Papagiannis: And the systematic traders, they tend to trade trends, price trends in futures?

Lake: Yeah, they tend to be trend-following strategies, though identify trends in each of the futures markets and then make a decision to be long or short, and those trends could be short term in nature. They could be intermediate term in nature or long term in nature.

Papagiannis: So, can we talk about how our managed futures strategy could benefit an individual investor?

Lake: Sure, managed futures strategies tend to move independently of traditional strategies, so stock markets might be going in one direction. Fixed income investors might be enjoying another type of return, and the managed futures strategies are marching to their own drummer, providing returns, hopefully independent of the traditional markets. So they can be great diversifiers for a portfolio.

Papagiannis: And how has that played out in the recent bear market?

Lake: Well, in recent years, for example, in 2008, in the bear market of 2008, managed futures funds had a very profitable year. They are able to capture the power of those downtrends and turned them into profits. In 2009, commodities and futures markets became choppy. Trends weren't clear and…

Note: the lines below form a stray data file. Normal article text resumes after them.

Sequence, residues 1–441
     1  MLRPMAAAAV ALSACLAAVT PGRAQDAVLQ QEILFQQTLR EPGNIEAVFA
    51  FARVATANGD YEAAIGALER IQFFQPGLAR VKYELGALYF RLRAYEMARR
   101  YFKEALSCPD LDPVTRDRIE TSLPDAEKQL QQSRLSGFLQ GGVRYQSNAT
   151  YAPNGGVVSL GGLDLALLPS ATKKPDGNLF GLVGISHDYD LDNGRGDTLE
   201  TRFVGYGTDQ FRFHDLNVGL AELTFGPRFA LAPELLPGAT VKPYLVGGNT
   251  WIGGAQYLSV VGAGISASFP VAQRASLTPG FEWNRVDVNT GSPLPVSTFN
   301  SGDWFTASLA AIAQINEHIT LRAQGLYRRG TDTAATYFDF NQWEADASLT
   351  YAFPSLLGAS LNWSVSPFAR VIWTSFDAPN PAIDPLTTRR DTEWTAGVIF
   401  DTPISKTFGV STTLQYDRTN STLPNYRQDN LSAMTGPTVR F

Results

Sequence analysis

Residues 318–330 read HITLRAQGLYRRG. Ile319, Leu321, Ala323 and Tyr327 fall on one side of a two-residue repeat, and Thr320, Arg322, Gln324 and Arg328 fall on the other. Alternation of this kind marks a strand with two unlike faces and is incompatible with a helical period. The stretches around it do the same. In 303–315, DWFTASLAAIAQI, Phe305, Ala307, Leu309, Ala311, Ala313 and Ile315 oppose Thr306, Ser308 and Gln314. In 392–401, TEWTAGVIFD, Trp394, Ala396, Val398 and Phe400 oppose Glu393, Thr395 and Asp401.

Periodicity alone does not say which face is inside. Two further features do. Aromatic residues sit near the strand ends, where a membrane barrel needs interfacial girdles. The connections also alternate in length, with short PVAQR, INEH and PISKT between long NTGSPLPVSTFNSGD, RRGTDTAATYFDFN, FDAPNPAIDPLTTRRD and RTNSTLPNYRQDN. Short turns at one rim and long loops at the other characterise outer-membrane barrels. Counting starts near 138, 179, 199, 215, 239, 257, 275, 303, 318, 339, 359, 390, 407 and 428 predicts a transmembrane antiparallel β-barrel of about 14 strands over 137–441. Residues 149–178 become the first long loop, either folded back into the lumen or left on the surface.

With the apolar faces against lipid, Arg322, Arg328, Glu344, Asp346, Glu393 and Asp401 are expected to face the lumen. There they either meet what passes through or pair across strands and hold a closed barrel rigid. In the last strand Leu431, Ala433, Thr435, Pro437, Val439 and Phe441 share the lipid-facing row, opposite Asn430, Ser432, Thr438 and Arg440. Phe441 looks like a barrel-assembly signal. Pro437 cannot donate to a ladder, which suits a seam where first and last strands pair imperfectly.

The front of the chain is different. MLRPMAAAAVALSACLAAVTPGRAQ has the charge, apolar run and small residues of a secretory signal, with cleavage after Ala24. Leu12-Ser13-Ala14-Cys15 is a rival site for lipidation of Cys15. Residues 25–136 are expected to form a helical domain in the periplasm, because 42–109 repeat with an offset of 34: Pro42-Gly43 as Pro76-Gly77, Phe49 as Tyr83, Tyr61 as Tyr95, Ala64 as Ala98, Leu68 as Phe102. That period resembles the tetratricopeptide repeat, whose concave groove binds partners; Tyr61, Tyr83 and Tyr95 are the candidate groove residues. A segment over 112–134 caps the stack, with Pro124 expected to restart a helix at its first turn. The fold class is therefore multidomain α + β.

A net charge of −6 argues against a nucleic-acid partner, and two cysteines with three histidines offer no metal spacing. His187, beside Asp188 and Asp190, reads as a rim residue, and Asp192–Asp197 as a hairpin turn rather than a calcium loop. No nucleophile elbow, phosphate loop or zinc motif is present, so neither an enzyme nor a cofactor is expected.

Papagiannis: And they kind of moved in a range…?

Lake: They would move in a channel or they would go in a trading range or they would move in one direction and then the other.

Papagiannis: As opposed to straight up or straight down.

Lake: As opposed to straight up for a long period of time or straight down for a long period of time which is a great pattern for trend followers to make off of. But in a choppy trend-less or channel-type trading environment, it becomes more challenging for many managed futures managers to make money and some of them have showed negative returns or choppy sideways results, while other markets have rallied.

Papagiannis: But over the, let's say over the two-year period, 2008 and 2009, have there been some managers that because they didn't lose so much in 2008 and even made money, even though they didn't make any money in 2009, are still better off than being …?

Lake: Exactly. If you had a manager that made a lot of money in 2008 and held their own in 2009, while other markets rallied that would be a great diversifier for a traditional portfolio.

Investors needs to be aware that managed futures performance is very different than the rest of the markets. And one of the pitfalls is investors using the rear view mirror could say, gosh, these funds were up in 2008, I'm going to invest in 2009. So they miss the upside in 2008, invest during a very choppy period and find themselves frustrated.

Papagiannis: Whole performance chasing problem?

Lake: Performance chasing exists across all asset classes and all strategies and investors will have to educate themselves once again, how to use the strategy correctly.

Papagiannis: So this is not a performance-chasing strategy. This is more a core part of your diversification strategy.

Lake: It's a diversification strategy as opposed to a performance-chasing strategy.

Papagiannis: Thanks, Rick. Thanks for joining us.

Lake: Great to be here.